Overall though, utter joy.

BBC News: six months on

It is six months to the day since the BBC launched their new look news website. The timing of this post is entirely coincidental—I sent myself a reminder earlier to post my more considered opinions. So here goes.

I still hate it. On 19 July (a birthday post, it seems), I wrote a considered yet damning post articulating my views. Nine days later, upon reflection, my opinions hadn’t changed.

And six months later, I’m in the same boat. I use the News homepage as a means of accessing directly some of the lead stories. But I rarely touch the rest of the site. On the previous version, I regularly accessed many of the main sections on what was the left-hand nav.—Technology, Science/Nature (as it was), Politics, Sport etc. Now, I access my bookmarked Sport page, but rarely think to go to the other section homes.

I feel that the BBC are depriving me of news I was once eager to access. Yes, it’s partly down to my laziness. But in the main, I feel that it’s down to some site changes that didn’t focus sufficiently on the user—me.

UPS/Apple fail

I bought my wife an iPad for Christmas.  She only just got it in time for the big day.

The bundle of joy (iPad) was bought on the Apple store.  Apple chose to use United Parcel Service (UPS) to deliver said good.

They tried on three consecutive weekdays, and their door-knocks went unanswered.  I was at work trying to earn enough to pay for the device.

I called them up at an extortionate rate and arranged a re-delivery on a day I knew I’d be home.  The lovely man from UPS turned up as promised.  He delivered package two of two—a SIM card.  He informed me that he was the driver that attempted the prior deliveries, and was fully aware of the other parcel, but told me that it wasn’t on his van.  Shit.

Once again, I called the 0870 number, again paying for the privilege of waiting for someone to answer the phone.  I asked for package one of two to be delivered to my work address the following Tuesday.

It wasn’t.

I called the 0870 number (hold, etc.) and was told that the reason it wasn’t delivered to my work address was that to do so would have needed authorisation from Apple.  I had not given this authorisation.

So I asked for a delivery at home, on another day I knew I’d be home.  It didn’t show.  I called (yada-yada) and received an apology (backlog) and was promised a home delivery the following day (Christmas Eve).  When I looked online at 11pm that evening, I received confirmation that it had been delivered that morning.  To my work address.  Despite no such authorisation having been given to Apple.

So on Christmas Day, I spent £30 on taxi fares to and from work (open, fortunately) to collect the iPad.

The Apple user experience thus far has been dreadful.  I’m hoping that it will improve herein.

Unique selling points: Apple, Google and Microsoft

Charles Arthur yesterday pondered what the USPs were of the big three technology giants of our day: Apple, Google and Microsoft (listed in alphabetical order, for those trying to read too much into things). He was after the companies’ USPs, as opposed to those of the products or services they offer. But naturally, these worlds overlap somewhat.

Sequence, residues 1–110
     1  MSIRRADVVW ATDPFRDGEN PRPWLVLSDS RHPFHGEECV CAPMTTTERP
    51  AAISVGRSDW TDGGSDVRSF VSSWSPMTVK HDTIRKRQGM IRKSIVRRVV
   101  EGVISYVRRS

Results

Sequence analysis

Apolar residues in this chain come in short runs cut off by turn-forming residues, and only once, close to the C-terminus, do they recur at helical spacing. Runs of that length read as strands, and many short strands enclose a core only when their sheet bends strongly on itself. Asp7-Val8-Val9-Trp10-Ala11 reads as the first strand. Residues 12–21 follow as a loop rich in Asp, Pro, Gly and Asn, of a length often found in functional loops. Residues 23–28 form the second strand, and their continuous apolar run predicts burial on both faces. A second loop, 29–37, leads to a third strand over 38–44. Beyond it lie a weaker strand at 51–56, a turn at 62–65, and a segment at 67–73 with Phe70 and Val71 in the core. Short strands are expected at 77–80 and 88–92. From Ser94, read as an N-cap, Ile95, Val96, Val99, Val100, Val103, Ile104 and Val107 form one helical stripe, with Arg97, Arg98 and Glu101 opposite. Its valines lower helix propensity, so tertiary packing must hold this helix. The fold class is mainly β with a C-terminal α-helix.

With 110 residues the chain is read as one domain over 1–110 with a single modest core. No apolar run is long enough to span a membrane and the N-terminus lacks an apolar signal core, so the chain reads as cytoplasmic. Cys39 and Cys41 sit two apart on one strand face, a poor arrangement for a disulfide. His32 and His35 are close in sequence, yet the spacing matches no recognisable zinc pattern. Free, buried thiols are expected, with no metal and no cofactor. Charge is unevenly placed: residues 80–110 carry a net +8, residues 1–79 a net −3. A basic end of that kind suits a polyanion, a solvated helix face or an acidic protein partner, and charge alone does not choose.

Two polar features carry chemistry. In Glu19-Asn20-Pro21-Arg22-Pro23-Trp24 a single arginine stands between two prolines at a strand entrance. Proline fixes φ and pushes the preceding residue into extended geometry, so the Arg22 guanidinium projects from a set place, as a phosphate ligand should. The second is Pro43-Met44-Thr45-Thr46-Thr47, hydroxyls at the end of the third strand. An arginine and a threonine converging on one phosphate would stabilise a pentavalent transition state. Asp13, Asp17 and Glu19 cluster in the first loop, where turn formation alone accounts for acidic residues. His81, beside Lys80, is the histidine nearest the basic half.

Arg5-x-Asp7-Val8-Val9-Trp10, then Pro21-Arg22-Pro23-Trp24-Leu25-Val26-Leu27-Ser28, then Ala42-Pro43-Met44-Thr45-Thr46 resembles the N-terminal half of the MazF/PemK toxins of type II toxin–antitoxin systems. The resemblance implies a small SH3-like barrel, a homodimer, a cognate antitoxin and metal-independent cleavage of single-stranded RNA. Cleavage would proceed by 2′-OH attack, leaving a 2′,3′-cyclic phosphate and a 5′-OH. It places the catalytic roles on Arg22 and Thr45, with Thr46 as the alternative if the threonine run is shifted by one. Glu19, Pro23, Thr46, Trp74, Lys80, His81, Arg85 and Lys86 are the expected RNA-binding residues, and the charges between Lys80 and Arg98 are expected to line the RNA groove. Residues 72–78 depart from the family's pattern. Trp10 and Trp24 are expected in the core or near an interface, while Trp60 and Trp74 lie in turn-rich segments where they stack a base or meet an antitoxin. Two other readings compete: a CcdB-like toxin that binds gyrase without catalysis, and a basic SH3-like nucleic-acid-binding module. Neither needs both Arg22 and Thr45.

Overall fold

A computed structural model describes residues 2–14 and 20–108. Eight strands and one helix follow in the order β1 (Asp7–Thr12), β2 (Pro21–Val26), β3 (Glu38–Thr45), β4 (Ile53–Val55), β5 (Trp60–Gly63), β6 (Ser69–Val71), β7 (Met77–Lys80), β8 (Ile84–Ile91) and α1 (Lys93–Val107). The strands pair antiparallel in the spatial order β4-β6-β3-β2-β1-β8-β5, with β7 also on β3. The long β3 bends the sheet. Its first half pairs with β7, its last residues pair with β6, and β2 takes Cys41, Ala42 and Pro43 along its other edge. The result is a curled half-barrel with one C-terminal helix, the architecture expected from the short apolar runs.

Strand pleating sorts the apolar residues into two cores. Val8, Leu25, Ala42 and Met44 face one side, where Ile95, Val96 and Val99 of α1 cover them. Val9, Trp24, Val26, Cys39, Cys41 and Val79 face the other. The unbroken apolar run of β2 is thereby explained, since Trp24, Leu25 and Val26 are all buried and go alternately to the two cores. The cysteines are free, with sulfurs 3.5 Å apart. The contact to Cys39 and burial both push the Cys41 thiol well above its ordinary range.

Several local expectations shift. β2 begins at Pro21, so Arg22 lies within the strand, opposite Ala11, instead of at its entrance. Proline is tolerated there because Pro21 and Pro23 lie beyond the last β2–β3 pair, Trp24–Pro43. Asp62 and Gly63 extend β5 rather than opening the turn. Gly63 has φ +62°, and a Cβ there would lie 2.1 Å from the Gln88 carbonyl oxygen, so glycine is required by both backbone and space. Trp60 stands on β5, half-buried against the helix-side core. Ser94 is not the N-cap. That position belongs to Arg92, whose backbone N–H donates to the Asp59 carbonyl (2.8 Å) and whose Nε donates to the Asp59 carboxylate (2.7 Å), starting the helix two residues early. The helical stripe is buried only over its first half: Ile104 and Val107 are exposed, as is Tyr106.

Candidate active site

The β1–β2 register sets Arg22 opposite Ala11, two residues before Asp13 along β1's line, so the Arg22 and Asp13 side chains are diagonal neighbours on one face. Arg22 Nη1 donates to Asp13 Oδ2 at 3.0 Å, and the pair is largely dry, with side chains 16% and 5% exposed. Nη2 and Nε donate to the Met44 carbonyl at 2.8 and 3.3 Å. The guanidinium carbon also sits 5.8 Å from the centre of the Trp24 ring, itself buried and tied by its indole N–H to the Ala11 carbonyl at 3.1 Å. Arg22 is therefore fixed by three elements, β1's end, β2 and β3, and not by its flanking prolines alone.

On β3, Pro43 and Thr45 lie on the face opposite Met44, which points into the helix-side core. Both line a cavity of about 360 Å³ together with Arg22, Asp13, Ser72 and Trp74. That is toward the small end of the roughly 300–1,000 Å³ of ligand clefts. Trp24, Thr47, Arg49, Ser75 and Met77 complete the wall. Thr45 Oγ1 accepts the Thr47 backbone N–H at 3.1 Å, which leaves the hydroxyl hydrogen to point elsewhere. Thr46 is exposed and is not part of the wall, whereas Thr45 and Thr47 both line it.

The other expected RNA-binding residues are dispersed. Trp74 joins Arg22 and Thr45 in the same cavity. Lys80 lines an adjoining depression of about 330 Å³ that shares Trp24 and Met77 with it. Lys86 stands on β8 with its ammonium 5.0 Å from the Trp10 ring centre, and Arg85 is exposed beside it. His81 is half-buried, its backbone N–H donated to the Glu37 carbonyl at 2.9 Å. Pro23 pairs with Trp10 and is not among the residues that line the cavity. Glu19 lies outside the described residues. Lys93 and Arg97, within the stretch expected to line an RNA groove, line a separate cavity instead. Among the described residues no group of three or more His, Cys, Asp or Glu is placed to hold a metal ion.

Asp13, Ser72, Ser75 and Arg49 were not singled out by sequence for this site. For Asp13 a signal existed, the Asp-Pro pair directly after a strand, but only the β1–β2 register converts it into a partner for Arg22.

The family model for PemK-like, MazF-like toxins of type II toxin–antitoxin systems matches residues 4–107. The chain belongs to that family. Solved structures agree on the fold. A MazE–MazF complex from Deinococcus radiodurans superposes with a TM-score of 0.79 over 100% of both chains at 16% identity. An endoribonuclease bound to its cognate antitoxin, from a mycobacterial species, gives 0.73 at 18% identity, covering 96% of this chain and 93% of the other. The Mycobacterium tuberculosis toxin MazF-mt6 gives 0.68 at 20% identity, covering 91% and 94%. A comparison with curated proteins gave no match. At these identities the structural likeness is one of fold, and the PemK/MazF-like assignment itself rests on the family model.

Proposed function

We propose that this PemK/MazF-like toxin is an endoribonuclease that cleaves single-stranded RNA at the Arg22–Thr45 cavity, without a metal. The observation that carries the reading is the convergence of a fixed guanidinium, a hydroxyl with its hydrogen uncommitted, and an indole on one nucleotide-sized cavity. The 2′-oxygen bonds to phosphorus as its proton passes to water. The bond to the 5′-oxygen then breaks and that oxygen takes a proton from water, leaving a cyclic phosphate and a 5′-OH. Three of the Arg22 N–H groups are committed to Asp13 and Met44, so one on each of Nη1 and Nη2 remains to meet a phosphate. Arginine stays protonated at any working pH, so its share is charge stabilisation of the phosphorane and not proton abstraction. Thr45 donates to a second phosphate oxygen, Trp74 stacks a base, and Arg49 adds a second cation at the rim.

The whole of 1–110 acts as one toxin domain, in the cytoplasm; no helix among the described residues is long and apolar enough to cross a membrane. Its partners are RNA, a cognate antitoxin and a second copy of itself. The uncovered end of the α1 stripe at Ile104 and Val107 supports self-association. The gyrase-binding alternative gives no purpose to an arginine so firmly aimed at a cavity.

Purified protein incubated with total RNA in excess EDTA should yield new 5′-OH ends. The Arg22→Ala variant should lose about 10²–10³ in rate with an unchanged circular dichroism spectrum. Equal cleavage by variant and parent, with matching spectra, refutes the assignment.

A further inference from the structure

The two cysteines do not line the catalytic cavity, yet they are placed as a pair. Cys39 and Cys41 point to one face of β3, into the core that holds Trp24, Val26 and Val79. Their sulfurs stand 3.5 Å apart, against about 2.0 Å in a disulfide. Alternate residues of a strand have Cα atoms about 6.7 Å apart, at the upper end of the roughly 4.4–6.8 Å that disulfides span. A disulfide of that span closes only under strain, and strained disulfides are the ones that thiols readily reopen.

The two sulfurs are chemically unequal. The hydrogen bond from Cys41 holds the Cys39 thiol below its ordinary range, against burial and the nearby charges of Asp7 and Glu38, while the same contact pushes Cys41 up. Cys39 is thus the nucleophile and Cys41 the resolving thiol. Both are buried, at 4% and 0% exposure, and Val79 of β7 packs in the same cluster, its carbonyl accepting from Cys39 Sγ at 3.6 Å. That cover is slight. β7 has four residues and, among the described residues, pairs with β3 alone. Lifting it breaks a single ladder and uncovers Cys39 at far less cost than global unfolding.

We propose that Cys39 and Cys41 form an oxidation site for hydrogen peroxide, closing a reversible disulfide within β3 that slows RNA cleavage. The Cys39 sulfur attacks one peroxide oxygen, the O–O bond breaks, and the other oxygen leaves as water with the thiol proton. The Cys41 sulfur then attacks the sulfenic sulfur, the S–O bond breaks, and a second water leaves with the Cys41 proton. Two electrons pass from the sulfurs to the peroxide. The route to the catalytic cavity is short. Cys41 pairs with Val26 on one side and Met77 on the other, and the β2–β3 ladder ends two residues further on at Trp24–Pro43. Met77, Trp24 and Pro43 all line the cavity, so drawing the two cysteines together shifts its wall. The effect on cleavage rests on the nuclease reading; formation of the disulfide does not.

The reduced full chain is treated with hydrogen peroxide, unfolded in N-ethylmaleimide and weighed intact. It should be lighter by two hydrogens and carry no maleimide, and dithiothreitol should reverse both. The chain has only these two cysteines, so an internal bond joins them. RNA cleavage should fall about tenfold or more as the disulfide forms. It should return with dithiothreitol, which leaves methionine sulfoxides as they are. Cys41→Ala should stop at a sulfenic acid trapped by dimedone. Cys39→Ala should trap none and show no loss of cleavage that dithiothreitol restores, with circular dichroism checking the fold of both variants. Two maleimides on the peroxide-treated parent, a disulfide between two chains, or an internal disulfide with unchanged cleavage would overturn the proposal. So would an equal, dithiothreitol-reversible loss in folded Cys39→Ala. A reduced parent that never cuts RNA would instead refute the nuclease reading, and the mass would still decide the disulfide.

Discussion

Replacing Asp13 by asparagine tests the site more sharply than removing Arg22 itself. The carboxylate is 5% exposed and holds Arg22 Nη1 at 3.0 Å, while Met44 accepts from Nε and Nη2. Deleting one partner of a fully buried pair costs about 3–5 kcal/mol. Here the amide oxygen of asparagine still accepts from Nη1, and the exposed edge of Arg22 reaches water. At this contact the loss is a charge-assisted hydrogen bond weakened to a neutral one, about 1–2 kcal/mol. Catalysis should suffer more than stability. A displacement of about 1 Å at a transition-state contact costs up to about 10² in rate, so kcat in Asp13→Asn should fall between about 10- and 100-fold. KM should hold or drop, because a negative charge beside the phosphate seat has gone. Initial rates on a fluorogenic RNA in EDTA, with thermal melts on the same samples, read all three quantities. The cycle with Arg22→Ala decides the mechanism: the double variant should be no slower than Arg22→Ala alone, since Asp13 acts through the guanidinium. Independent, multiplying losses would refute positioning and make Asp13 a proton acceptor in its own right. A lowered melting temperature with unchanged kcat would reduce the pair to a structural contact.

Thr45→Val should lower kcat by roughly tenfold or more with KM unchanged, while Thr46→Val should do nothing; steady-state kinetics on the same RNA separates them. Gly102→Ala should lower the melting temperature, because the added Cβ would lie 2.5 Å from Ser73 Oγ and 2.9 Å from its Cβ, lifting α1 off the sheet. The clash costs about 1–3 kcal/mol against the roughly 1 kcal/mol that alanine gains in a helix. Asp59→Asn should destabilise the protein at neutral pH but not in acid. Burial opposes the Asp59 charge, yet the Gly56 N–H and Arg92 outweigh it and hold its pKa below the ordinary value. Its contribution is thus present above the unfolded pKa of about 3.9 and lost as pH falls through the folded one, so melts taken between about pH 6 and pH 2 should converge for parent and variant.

Here’s my attempt at a response.

Apple: its USP is its user experience, or UX to coin a slightly wanky abbreviation. Its products are beautiful to use—simple as that.

Google: its USP is its deep understanding of the relationship between users and web content. Whether this is search and results or targeted advertising, Google is able to connect the two better than anyone else.

Microsoft: its USP is fulfilling vital, generic functions better than anyone else. Word, Excel and PowerPoint merely represent replacements for lined paper, gridded paper and blank paper respectively, but the functions therein are so rich and deep-rooted that they will continue to dominate this space for some time to come.

I’d be interested in other people’s perspectives on this, as indeed would Charles, I expect.

paper.li: my take

paper.li is the most beautiful and practical application of Twitter data I’ve yet seen.  And somewhat ironically, it harks back to a day when newspapers were all the rage.

The application essentially aggregates and presents back information in the form of a single web page based on a Twitter ID.  Mine is here.  Sounds simple, but I’m guessing the algorithms that drive it are quite complex.  And that’s what makes the offering so compelling.  They seem to find the articles that I find most interesting, those that I would have retweeted had I seen them on my Twitter feed.

In some respects, its charm is similar to that of Facebook.  The algorithms that determine what constitutes your Facebook homepage seem similarly complex.  How long does Facebook wait until it tells you the number of your friends that have recently connected to another person, for example?  And with paper.li, what factors determine whether articles are presented to you and the order in which they appear?

It’s lovely.  And useful.  If you’re off Twitter for a while, it’s a good way to catch up without being overwhelmed.

Google Contacts annoyance